Why We Need an Independent Consumer Financial Protection Agency, and Why Elizabeth Warren Should Run It

I know it is too late now, but I want to make the point anyway.

I remember the first time I heard Elizabeth Warren speak. It was at a conference on consumer credit hosted by Georgetown and the estimable Mike Staten–I think it was in 2002. Elizabeth Warren spoke about consumers getting steered into mortgages–and in particular high balance mortgages and long-term mortgages. She argued that this was bad for consumers; she argued low balance, short maturity mortgages would mean consumers would pay less interest, and that this would leave consumers better off.

My reaction was that she was nuts. After all, my economist’s brain told me, present value is present value. She was ignoring the opportunity cost of equity. She was, I thought, offering consumers horrible advice.

Now her advice looks pretty good. Lower leverage means lower risk, and households–particularly those without financial assets–are not in a good position to manage risk. Moreover, low balance short amortization mortgages nudge people into saving, and may explain why people of my parents’ generation (who paid off their mortgages by the time they were in their 50s) are in better shape financially than people of my generation (who kept taking equity out of their houses).

The problem with the Fed is not that people there aren’t smart and well-intentioned–they are. The problem is that most people there were trained to think like me. I hate to say it, but there may be times when a smart, caring lawyer understands how the world really works better than a smart, caring economist.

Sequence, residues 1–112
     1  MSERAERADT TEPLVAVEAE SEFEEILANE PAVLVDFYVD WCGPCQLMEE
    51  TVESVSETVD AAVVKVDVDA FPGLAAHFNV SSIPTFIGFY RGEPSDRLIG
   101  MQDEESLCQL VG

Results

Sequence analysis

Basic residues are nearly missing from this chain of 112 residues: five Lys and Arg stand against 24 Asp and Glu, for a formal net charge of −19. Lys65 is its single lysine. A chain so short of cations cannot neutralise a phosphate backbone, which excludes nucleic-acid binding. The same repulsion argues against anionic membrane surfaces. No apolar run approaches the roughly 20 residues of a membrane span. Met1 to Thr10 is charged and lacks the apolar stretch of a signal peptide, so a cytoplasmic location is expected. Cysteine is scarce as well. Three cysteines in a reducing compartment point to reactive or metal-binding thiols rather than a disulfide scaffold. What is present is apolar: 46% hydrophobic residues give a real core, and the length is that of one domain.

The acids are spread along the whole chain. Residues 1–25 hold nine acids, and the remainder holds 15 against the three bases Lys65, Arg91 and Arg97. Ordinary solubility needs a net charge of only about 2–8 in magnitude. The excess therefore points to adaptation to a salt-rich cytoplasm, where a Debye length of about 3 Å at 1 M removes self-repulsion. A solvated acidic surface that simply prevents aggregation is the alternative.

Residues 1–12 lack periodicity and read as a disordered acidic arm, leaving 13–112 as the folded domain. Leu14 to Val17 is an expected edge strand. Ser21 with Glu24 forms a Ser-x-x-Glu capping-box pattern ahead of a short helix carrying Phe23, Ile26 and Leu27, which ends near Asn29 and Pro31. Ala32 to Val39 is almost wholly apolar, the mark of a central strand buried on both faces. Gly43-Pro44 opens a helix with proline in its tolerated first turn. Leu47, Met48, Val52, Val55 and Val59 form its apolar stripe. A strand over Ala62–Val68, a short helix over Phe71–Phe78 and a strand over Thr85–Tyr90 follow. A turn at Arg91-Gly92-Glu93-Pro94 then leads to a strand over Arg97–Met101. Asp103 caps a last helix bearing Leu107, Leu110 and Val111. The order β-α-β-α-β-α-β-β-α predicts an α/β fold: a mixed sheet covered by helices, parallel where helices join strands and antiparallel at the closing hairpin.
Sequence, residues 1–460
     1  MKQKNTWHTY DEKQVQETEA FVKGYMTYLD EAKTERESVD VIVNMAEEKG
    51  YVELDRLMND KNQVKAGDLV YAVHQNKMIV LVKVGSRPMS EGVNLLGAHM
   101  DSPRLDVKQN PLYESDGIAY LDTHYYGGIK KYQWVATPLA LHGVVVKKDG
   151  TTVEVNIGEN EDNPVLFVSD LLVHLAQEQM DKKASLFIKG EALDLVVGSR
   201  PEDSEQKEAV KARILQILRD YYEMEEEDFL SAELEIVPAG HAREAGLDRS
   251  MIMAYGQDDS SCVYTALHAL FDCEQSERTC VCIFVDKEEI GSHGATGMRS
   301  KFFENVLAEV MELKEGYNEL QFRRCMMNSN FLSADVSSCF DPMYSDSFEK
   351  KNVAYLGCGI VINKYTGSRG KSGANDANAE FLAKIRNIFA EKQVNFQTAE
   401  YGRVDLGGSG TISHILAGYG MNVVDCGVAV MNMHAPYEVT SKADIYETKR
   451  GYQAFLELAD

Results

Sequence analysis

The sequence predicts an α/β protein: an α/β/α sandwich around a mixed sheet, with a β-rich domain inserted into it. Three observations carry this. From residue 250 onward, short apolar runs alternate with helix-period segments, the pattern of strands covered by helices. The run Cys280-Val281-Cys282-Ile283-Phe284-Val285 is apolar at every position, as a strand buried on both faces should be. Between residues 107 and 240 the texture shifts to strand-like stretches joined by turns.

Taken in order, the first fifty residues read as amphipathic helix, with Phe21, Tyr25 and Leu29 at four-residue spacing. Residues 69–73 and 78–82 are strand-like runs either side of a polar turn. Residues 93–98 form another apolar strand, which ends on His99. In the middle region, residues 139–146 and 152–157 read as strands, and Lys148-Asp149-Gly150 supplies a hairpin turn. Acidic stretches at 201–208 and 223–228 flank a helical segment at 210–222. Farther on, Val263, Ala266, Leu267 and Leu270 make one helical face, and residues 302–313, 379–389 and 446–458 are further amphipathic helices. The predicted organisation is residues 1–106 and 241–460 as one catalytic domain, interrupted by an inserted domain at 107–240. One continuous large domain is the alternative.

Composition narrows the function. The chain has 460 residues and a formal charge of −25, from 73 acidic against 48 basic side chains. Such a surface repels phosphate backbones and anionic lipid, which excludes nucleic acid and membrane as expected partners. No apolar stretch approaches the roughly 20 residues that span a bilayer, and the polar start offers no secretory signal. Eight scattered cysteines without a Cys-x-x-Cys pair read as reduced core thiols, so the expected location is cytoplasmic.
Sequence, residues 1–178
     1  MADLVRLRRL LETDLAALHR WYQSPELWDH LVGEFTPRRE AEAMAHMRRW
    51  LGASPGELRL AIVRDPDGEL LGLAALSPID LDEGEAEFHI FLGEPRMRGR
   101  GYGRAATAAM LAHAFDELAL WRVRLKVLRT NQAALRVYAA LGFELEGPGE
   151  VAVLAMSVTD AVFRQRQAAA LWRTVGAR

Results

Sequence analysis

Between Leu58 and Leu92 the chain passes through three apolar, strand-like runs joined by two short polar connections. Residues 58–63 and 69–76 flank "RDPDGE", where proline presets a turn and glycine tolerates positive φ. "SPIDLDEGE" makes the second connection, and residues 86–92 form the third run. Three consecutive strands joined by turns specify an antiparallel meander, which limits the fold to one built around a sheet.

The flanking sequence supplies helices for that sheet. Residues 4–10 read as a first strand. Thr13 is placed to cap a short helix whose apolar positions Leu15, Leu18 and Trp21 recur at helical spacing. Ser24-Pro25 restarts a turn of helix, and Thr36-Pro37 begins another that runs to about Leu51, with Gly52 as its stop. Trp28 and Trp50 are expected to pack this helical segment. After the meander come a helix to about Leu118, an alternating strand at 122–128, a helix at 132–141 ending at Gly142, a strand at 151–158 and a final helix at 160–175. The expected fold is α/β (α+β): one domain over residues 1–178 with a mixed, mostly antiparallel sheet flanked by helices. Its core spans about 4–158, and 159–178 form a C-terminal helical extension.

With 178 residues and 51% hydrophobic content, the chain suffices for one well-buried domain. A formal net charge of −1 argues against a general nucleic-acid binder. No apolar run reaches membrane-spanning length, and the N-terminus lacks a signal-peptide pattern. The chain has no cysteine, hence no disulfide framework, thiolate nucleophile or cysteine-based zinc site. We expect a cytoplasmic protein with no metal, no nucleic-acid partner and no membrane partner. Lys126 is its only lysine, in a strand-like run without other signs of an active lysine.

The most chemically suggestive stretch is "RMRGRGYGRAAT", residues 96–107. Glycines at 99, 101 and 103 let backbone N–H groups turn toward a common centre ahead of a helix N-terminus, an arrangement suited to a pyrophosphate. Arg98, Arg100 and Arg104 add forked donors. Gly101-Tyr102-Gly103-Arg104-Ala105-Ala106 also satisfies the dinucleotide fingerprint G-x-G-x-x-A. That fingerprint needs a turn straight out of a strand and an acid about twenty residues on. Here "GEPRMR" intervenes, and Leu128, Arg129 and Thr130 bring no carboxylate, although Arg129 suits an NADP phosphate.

About Richard K. Green 102 Articles

Affiliation: University of Southern California

Richard K. Green, Ph.D., is the Director of the USC Lusk Center for Real Estate. He holds the Lusk Chair in Real Estate and is Professor in the School of Policy, Planning, and Development and the Marshall School of Business at the University of Southern California.

Prior to joining the USC faculty, Dr. Green spent four years as the Oliver T. Carr, Jr., Chair of Real Estate Finance at The George Washington University School of Business. He was Director of the Center for Washington Area Studies and the Center for Real Estate and Urban Studies at that institution. Dr. Green also taught real estate finance and economics courses for 12 years at the University of Wisconsin-Madison, where he was Wangard Faculty Scholar and Chair of Real Estate and Urban Land Economics. He also has been principal economist and director of financial strategy and policy analysis at Freddie Mac.

His research addresses housing markets, housing policy, tax policy, transportation, mortgage finance and urban growth. He is a member of two academic journal editorial boards, and a reviewer for several others.

His work is published in a number of journals including the American Economic Review, Journal of Economic Perspectives, Journal of Real Estate Finance and Economics, Journal of Urban Economics, Land Economics, Regional Science and Urban Economics, Real Estate Economics, Housing Policy Debate, Journal of Housing Economics, and Urban Studies.

His book with Stephen Malpezzi, A Primer on U.S. Housing Markets and Housing Policy, is used at universities throughout the country. His work has been cited or he has been quoted in the New York Times, The Wall Street Journal, The Washington Post, the Christian Science Monitor, the Los Angeles Times, Newsweek and the Economist, as well as other outlets.

Dr. Green earned his Ph.D. and M.S. in economics from the University of Wisconsin-Madison. He earned his A.B. in economics from Harvard University.

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